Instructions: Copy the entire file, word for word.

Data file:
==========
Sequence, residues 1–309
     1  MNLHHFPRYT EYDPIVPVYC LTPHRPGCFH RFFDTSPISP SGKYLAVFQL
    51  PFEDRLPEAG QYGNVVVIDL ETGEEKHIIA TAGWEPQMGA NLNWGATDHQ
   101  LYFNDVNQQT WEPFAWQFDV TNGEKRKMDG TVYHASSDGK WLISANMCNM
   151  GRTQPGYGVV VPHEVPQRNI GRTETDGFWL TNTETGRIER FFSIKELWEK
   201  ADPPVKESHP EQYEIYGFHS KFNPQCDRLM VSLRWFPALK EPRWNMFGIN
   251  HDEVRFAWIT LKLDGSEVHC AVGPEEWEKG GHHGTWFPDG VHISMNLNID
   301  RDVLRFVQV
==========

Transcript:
Sequence, residues 1–309
     1  MNLHHFPRYT EYDPIVPVYC LTPHRPGCFH RFFDTSPISP SGKYLAVFQL
    51  PFEDRLPEAG QYGNVVVIDL ETGEEKHIIA TAGWEPQMGA NLNWGATDHQ
   101  LYFNDVNQQT WEPFAWQFDV TNGEKRKMDG TVYHASSDGK WLISANMCNM
   151  GRTQPGYGVV VPHEVPQRNI GRTETDGFWL TNTETGRIER FFSIKELWEK
   201  ADPPVKESHP EQYEIYGFHS KFNPQCDRLM VSLRWFPALK EPRWNMFGIN
   251  HDEVRFAWIT LKLDGSEVHC AVGPEEWEKG GHHGTWFPDG VHISMNLNID
   301  RDVLRFVQV